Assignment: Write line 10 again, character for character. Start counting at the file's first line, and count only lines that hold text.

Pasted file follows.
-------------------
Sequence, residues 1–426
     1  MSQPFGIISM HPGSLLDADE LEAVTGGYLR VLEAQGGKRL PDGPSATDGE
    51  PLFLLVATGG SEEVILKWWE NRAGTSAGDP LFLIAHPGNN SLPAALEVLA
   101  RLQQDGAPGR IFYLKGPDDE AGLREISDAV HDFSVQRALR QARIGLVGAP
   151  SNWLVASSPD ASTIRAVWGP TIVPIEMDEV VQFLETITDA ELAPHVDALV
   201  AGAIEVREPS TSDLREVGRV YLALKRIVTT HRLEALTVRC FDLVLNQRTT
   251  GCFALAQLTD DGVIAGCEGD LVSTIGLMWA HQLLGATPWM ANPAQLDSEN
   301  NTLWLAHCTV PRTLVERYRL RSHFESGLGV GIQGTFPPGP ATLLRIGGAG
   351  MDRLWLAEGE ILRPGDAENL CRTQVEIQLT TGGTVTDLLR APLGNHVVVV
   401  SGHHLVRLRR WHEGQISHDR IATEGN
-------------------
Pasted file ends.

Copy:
   401  SGHHLVRLRR WHEGQISHDR IATEGN